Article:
Universities across the world are cultivating the great scientific minds of the next century.
The discoveries being made in these schools' research laboratories often have a huge impact on the world in one way or another. But just because the nature of the work being done may not dictate the facility be GMP-compliant doesn't mean it shouldn't be. Temperature monitoring in university laboratories should be at the top of every director's list.
Avoiding the past
In 2012, an official working for a hospital affiliated with Harvard University found that a freezer's cooling system had failed weeks earlier. It contained 150 brains being used for autism research – the world's largest collection, CBS News reported. The alert system wasn't activated, and one-third were rendered unusable. It was a devastating mistake.
Ineffective temperature monitoring tools can cost a laboratory greatly.
"You can't express its value in dollar amounts,'' Dr. Francine Benes, director of the Harvard Brain Tissue Resource Center, told the Boston Globe.
Dr. Carlos Pardo estimated the damage done would stall autism research by a decade. While two-thirds of the samples were able to be recovered, it underscored the importance of reliable temperature monitoring tools in university laboratories.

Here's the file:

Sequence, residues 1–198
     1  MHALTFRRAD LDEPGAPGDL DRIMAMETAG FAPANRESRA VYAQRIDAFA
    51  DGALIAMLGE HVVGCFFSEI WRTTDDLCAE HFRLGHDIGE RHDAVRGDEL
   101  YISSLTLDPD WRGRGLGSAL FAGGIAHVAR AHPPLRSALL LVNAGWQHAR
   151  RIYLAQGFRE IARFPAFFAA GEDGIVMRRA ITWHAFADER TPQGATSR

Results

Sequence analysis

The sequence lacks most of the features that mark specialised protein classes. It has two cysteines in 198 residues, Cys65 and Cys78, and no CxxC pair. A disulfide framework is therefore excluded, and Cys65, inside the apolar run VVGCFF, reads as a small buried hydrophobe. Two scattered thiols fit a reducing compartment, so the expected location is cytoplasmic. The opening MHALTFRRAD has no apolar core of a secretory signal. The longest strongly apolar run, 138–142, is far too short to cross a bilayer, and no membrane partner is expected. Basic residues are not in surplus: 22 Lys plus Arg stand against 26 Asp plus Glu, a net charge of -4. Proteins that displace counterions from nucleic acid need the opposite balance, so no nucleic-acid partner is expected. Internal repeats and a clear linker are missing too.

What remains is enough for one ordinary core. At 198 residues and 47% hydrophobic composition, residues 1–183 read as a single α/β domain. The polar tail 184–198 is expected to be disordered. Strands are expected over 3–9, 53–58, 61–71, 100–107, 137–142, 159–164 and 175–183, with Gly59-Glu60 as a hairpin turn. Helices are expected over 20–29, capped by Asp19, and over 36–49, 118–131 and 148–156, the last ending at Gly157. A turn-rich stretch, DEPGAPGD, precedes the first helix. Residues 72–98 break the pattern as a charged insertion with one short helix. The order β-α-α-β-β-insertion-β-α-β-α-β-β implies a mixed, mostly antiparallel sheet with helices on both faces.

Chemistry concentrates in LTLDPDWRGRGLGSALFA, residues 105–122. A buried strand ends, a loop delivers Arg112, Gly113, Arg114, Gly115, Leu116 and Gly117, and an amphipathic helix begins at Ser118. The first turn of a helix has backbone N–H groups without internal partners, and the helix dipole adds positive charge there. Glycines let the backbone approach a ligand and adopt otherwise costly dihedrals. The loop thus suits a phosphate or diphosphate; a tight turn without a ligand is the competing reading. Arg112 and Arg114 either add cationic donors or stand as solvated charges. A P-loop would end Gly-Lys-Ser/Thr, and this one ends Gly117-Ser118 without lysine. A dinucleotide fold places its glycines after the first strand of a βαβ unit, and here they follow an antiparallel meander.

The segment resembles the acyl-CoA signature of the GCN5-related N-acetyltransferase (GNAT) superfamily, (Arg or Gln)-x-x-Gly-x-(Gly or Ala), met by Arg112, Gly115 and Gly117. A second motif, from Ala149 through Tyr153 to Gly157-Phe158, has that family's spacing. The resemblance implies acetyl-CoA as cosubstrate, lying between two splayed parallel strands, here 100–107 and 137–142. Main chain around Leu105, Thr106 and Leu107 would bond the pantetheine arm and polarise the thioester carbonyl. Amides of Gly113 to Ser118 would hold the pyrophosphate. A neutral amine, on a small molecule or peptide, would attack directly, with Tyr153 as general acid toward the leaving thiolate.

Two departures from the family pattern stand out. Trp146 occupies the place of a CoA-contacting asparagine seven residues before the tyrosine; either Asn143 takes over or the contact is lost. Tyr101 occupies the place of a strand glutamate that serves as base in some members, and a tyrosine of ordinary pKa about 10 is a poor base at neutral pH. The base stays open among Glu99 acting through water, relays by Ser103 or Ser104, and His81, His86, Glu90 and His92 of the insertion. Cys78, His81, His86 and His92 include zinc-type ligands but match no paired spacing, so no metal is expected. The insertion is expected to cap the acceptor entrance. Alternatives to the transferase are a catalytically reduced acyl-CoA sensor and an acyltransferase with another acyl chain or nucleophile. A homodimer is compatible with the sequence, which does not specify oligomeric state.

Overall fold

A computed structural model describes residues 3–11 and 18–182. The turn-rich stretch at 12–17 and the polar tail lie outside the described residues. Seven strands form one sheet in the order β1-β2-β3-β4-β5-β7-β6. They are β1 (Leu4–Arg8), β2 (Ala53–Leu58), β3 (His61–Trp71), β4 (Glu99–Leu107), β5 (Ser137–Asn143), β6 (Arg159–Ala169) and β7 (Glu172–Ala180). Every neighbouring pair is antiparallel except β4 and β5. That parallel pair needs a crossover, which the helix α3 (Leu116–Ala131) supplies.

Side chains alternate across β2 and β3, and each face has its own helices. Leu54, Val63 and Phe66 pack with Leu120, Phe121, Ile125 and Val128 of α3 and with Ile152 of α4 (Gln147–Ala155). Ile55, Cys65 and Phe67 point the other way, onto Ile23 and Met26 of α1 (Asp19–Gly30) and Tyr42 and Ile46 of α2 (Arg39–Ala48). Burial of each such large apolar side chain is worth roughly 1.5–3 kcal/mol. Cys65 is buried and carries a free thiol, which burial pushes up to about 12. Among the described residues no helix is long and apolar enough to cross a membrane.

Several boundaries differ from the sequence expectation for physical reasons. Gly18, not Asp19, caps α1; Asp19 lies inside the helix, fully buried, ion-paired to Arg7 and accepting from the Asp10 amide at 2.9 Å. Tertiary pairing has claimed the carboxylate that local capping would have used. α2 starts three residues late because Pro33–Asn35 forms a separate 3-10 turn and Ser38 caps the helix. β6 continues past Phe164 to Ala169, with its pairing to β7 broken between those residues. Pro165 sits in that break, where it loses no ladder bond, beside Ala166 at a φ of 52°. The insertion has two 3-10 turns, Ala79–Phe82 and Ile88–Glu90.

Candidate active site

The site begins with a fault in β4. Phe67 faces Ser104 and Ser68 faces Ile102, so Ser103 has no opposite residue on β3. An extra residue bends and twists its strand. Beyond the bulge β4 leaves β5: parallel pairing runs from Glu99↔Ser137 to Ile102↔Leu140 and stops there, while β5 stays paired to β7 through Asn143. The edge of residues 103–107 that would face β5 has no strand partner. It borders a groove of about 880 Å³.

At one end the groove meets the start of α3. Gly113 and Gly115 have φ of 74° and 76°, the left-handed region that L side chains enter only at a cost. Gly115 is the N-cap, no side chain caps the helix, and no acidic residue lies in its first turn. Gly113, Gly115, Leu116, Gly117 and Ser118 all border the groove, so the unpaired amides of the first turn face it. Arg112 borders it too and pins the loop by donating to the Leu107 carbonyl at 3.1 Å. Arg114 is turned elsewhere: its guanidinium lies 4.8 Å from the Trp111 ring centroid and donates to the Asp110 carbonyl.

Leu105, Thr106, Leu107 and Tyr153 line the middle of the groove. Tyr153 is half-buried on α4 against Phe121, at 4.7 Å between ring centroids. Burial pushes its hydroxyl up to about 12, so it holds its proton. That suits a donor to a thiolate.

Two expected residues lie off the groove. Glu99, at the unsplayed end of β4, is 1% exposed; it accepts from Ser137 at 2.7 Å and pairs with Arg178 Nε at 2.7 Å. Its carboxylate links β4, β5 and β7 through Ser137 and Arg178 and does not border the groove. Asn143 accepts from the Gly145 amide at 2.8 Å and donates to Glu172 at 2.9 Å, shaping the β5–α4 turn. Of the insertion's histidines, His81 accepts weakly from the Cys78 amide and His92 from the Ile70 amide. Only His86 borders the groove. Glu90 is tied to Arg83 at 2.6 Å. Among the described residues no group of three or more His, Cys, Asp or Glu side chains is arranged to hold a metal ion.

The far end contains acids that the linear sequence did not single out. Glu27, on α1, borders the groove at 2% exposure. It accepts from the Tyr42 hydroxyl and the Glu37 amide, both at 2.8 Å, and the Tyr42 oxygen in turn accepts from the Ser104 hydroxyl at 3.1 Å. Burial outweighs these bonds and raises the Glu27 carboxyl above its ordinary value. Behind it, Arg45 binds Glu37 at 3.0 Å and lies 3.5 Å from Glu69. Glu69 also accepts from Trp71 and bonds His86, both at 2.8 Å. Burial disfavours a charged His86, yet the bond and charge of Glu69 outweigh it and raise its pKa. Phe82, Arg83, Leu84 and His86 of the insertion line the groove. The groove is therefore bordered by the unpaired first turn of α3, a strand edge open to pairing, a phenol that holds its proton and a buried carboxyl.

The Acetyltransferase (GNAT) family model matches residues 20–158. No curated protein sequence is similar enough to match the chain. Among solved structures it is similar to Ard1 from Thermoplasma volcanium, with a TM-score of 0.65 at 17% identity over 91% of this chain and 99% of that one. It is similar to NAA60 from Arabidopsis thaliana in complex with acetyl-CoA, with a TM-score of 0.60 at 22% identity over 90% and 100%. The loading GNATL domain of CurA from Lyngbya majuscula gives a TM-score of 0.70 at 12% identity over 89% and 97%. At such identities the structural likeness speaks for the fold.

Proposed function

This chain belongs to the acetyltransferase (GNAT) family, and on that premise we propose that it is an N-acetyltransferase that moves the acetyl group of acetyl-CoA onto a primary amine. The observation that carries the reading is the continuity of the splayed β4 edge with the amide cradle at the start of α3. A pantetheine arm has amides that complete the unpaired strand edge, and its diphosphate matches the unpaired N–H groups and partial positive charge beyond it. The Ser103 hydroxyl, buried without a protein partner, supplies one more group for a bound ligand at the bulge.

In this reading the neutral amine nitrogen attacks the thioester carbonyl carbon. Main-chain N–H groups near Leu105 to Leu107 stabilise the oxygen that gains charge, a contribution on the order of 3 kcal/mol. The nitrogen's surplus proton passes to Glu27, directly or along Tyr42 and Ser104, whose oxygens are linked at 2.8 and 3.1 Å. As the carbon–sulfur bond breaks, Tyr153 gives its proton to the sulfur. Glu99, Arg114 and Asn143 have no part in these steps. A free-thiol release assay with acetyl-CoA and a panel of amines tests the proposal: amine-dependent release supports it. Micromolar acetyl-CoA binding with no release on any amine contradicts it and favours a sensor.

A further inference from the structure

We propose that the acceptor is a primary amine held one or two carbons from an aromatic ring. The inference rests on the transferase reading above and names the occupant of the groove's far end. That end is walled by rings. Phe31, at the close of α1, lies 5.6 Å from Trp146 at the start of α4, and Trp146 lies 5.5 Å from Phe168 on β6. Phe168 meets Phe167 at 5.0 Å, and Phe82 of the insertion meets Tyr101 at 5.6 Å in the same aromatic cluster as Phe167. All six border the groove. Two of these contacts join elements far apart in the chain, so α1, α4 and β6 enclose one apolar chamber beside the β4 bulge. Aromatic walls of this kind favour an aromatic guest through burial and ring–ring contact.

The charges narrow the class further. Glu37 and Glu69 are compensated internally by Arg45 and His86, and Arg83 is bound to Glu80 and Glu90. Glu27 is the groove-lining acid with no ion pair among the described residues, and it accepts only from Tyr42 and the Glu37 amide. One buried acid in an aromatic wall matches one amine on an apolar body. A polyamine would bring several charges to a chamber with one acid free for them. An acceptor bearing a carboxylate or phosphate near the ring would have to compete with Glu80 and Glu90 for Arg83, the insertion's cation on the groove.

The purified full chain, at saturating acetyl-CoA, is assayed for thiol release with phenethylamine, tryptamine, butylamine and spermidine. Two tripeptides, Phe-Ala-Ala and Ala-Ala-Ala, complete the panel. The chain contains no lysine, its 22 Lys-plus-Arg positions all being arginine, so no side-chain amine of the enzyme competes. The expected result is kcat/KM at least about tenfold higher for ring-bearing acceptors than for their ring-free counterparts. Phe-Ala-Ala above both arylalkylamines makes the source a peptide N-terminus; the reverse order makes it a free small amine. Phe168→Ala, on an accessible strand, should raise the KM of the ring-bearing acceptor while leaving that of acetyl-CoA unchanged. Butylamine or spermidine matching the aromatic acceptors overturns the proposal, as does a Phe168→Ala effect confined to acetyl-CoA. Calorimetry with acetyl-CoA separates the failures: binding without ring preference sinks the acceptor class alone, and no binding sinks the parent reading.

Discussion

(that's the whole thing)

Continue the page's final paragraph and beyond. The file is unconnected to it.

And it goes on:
The University of Toledo, for instance, has a program in place that sends an alert notification through text or email if a laboratory freezer or fridge drops out of its temperature range for longer than 30 minutes – sooner for blood samples.
But as the Harvard incident shows, universities don't simply need a temperature monitoring tool or alert system. They need a reliable one.
Flip the script
When students are in charge, no matter their level of intelligence, accidents can happen. These can be as simple as a cracked door, or even something out of students' control like a system malfunction. These laboratories aren't in use all day and night like professional research facilities, so real-time alerts of any changes in temperature are vital.
Reliable temperature monitoring tools like the testo 175 or 174t are key components of creating an effective temperature monitoring and alert system strategy. Furthermore, facility managers can use these devices to read historical logs and data in an attempt to take steps towards implementing preventative maintenance.
Staying ahead of university laboratory fridge and freezer breakdowns is difficult – no one can see the future. But, by having temperature monitoring tools in place, researchers can rest easy at night knowing their samples are safe. Contact a Testo representative today to find out more.